Fireplace Mantel Project

This isn’t normally a home improvement blog, but I have to show Joseph Moore that I have some manly skills too.

Our fireplace, when built along with the house in 1958, was made of rough, re-claimed brick, the kind with chipped edges and black and white paint here and there. (Kind of fun to wonder what buildings they were originally a part of, and how long ago.) I like re-claimed brick, but it had become rather dingy looking from smoke stains and the build-up of grime through the decades.

A year or two ago my wife put the bug in my ear to install a wooden mantel over the brick. The problem was that the surface of the bricks was not flush. Instead, each of the top three rows of bricks extends beyond the previous row by an inch or two, like an upside-down ziggurat. Here’s a photo from a few Christmases ago:


So you couldn’t just buy a pre-made mantel and stick it on there and have it look right.

Aside from chiseling the bricks down to a flush surface, which promised to be extremely messy and which I feared could end in disaster, the only solution I could think of was to build a mantel from scratch. I was damned if I could figure how to do it though. However, after several months of letting the idea soak in, and reading various mantel-building webpages and seeing what kinds of pre-made moldings were available at Lowes, I came up with something that I thought could work. Here’s how the process went.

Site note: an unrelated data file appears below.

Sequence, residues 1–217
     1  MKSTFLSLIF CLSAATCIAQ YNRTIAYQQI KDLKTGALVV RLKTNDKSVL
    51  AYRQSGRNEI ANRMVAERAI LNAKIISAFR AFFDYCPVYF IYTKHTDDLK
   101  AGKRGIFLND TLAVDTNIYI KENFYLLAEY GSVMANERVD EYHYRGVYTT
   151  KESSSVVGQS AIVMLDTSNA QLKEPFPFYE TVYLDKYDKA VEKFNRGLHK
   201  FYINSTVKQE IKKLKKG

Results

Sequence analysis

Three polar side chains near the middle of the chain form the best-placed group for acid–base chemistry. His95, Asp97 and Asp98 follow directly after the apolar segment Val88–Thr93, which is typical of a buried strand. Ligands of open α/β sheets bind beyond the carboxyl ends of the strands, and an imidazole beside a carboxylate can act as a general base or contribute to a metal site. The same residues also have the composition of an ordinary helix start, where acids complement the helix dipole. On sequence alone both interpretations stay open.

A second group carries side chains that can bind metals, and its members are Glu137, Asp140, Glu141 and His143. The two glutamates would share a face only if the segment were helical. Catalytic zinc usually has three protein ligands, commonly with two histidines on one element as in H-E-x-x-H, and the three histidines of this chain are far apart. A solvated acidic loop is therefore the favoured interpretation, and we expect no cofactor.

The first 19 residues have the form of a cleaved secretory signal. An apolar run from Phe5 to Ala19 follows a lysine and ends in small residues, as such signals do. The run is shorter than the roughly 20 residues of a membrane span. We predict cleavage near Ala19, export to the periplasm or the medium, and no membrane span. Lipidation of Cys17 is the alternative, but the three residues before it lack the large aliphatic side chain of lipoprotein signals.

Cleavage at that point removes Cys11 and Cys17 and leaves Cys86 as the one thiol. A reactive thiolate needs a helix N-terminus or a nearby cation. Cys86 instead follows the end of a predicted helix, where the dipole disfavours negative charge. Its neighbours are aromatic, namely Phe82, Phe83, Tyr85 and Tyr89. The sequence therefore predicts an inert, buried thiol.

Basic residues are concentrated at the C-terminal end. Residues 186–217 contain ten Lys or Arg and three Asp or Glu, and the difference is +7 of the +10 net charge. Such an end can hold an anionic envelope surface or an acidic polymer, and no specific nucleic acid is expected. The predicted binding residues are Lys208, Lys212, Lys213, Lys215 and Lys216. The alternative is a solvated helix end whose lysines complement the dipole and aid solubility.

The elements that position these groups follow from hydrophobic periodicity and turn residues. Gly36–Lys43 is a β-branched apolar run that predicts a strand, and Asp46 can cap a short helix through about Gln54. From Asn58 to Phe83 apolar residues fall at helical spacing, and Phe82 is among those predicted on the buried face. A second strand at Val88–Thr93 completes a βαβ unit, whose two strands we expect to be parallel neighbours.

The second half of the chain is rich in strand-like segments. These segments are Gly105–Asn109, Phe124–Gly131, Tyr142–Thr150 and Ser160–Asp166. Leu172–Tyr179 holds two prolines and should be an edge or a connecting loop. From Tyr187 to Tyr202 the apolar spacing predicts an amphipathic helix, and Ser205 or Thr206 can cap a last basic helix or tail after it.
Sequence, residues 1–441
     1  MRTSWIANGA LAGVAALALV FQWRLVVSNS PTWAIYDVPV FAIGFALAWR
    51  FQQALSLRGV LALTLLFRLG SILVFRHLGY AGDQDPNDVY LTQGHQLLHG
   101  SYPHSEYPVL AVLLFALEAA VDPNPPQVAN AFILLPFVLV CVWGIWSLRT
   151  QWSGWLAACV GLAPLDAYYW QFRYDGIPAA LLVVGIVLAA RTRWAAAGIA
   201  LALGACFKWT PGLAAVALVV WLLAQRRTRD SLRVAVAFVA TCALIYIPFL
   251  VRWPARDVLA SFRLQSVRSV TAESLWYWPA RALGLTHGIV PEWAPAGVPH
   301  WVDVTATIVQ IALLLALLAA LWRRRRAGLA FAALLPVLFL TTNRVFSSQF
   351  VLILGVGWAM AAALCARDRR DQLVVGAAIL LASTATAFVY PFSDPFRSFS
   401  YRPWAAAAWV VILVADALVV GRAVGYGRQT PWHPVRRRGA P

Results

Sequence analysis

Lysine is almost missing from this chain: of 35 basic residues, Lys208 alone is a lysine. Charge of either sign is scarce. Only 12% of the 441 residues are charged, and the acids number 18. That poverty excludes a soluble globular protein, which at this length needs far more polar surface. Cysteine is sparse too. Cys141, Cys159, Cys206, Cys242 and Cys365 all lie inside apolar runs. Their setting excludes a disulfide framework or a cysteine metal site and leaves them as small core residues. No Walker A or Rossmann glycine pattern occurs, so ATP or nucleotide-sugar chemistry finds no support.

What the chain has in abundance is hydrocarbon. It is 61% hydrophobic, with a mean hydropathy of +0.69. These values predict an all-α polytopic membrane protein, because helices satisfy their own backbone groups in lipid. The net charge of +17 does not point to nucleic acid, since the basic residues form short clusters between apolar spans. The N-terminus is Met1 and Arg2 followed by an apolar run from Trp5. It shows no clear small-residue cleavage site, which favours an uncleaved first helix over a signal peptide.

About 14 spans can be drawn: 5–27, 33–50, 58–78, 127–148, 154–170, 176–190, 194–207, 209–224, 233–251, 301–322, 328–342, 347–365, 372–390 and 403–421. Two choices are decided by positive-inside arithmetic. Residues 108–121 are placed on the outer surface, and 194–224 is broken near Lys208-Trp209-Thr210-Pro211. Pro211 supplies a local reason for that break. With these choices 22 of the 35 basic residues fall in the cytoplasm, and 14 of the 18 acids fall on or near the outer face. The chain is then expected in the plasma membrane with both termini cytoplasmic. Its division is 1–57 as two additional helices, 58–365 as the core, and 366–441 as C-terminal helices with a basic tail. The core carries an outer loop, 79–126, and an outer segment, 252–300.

Step 1: Glued thin boards to some of the bricks to create a more-or-less flat surface on which to glue the pieces of the mantel, since some of the bricks stuck out farther than others, even within the same row. I used Loctite construction adhesive, which worked great.


Step 2: Glued MDF boards onto the third row down from the top to create the bottom edge of the mantel.


Same for the second row from the top.


Step 3: Here I’ve skipped a couple of steps since I forgot to take pictures, but first I attached a wide board to the top of the original fireplace to make a shelf, then attached crown molding to the bottom of the shelf, extending down to the MDF covering the second row of bricks, thereby covering the top row of brick.


Step 4: Attached a decorative strip of molding to the edge of the top shelf.


Step 5: Attached an additional strip of decorative molding over what used to be the third row of bricks. This is called egg-and-dart molding. La-dee-dah.


Step 6: Caulk and paint.